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One Laptop Per Child sketches

Ideas for power accessories

Vision for a low cost, robust laptop

Solar charging

OLPC unit, the XO Laptop

Folds for portability

Yo-yo charger

Early design

Early hardware

Afghani XO model

Designed for portability

When Nicholas Negroponte, founder of MIT Media Lab, first dreamed up the One Laptop Per Child (OLPC) project in 2006, he wanted to provide the developing world with the same technology accessible to so many of us.

He enlisted Swiss-born San Franciscan Yves Behar of Fuseproject to help bring his vision to life: a durable, low-power, Internet-connected laptop that would give children everywhere access to information that would help empower them and their communities.

Six years later, the OLPC unit -- called the XO Laptop -- is used by more than 2.4 million children around the world.

As part of an exhibit at the San Francisco Museum of Modern Art featuring works influenced by design innovator Buckminster Fuller, pre-production sketches of the OLPC project from the workbook of Behar are on display. The exhibit runs through July 29.

CNET spoke with Jennifer Dunlop Fletcher, the exhibition curator (and SFMOMA acting department head/assistant curator of architecture and design) about the inception of the exhibit and the parallels between Behar's design and Fuller's philosophies.

“I included the One Laptop Per Child project in the exhibition because I felt that Nicholas Negroponte, who founded the program, might have been responding to Fuller’s comment that if only everyone had the same access to information, all of the world’s critical social issues could be resolved," she said. "Now that there is more access to real-time information, there isn’t a noticeable change working collectively for humanity’s betterment."
Caption by / Photo by James Martin/CNET
Accessories initially envisioned, and sketched in the book, include plastic hand cranks, solar Wi-Fi repeaters, and yo-yo cranks to provide a source of power, which is frequently lacking in rural, developing communities.

The project considers what might happen if access to information is given to children who’ve barely had access to education. Behar’s participation in this project was critical because one can’t just introduce any laptop into such a condition. He had to design a very specific tool for a particular usage that would translate in any language.

"This proposal sees design as part of the solution in effecting greater change," says Fletcher.
Caption by / Photo by James Martin/CNET
Behar's design book incorporates ideas for a rugged, compact design, a splash-proof keyboard, and drop-proof hardware.

Behar has a very interesting partnership with many of his clients. As an investor, he is more involved in the long-term effect of any design he produces. It allows him more time to develop a product, and then release it to the public when he and the company feel it is the right moment.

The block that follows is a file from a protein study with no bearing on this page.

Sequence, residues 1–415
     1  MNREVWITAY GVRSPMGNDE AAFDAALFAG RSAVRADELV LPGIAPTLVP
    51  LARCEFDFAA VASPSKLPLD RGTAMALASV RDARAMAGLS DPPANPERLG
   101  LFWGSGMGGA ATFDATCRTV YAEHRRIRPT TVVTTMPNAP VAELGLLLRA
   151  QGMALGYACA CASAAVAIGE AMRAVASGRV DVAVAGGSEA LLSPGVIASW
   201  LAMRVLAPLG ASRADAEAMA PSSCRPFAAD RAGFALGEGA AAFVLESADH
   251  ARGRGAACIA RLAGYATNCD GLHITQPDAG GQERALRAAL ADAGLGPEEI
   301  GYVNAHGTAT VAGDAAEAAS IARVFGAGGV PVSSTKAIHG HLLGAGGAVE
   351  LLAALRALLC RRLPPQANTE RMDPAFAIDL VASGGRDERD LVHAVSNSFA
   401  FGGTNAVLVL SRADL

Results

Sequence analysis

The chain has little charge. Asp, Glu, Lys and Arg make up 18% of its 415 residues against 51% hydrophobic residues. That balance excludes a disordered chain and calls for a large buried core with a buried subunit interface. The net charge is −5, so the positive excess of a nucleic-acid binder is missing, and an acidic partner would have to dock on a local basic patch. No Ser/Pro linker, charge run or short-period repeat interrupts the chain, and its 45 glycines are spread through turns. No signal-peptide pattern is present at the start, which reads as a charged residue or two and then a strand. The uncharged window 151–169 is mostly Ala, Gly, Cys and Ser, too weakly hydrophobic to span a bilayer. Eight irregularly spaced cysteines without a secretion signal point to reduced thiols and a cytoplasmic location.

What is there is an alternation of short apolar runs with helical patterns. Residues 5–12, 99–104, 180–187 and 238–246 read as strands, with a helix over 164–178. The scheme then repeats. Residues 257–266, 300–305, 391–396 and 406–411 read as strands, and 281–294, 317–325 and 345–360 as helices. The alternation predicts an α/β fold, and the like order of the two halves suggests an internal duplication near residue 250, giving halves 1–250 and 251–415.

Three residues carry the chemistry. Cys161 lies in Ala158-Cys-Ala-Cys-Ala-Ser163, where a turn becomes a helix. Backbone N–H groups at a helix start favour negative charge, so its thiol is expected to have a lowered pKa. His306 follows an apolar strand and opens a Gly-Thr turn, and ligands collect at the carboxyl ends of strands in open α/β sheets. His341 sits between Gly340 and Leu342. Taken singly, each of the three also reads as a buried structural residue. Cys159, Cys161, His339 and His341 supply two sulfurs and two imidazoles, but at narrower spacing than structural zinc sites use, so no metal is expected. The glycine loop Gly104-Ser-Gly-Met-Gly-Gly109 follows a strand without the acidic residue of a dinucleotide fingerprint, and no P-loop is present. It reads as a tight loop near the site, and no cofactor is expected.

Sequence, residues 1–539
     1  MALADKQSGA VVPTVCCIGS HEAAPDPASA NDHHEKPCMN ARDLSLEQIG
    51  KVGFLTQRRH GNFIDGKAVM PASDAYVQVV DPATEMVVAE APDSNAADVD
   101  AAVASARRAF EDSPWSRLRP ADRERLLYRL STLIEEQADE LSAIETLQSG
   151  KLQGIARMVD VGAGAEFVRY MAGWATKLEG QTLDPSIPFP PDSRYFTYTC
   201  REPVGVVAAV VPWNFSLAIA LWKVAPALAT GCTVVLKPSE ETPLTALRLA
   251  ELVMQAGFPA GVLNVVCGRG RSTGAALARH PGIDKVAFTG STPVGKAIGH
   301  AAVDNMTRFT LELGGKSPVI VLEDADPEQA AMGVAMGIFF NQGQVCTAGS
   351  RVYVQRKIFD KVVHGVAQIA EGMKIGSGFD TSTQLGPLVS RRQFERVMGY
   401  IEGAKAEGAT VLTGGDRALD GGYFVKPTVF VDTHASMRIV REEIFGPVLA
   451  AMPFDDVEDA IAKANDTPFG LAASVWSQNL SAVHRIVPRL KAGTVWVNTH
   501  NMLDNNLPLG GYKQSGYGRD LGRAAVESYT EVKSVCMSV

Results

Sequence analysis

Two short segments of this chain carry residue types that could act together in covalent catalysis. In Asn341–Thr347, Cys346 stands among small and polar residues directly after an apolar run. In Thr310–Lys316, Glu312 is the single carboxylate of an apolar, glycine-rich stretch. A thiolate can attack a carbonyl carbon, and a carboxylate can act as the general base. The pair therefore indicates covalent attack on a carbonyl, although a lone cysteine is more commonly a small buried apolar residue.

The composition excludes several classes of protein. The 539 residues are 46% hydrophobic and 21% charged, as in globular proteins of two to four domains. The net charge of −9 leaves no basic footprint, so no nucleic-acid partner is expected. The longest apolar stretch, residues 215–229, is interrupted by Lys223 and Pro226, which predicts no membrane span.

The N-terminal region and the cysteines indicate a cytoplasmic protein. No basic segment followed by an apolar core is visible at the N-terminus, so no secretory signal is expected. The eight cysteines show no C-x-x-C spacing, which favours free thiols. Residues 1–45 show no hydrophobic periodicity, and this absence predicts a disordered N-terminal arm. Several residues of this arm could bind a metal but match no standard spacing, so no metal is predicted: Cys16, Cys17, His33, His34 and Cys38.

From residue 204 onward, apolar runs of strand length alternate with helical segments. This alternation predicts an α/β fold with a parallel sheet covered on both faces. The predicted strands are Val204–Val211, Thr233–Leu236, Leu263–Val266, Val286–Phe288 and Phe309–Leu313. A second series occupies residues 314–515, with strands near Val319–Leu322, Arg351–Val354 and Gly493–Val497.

Caption by / Photo by James Martin/CNET
Here are Behar's sketch for a solar charging station capable of providing power to rural areas lacking infrastructure.
Caption by / Photo by James Martin/CNET
On the right is the realization of the first generation OLPC hardware, the XO Laptop, and on the left is one of the hand-cranked chargers.

The largest OLPC deployment thus far is in Peru, where there are more than 900,000 units. The first deployments typically target areas suffering from the highest rates of poverty, illiteracy, and social exclusion.
Caption by / Photo by James Martin/CNET
The OLPC design shows the desire for the unit to fold for portability, allowing children to easily travel great distances with the laptops.
Caption by / Photo by James Martin/CNET
A sketch from Behar's notebook shows the design for a yo-yo style charging device.
Caption by / Photo by James Martin/CNET
An early sketch of the OLPC unit. Generation 3, the XO-3 tablet, is planned to be released in 2012 for a target price below $100.
Caption by / Photo by James Martin/CNET
Early hardware shows the splash-proof keyboard. By 2017, Rwanda intends to have distributed 500,000 laptops to primary school students.
Caption by / Photo by James Martin/CNET
The Afghani XO model, deployed in 2009, is used by more than 4 million school children in Afghanistan and uses only about 25 percent of the power usage of a regular laptop. Due to the lack of connectivity in rural areas, a foot pedal was developed that can fully power the laptop while it is in use.
Caption by / Photo by James Martin/CNET
Sketches from Behar's notebook show the design portability of the laptop, allowing it to be safely and easily transported.
Caption by / Photo by James Martin/CNET
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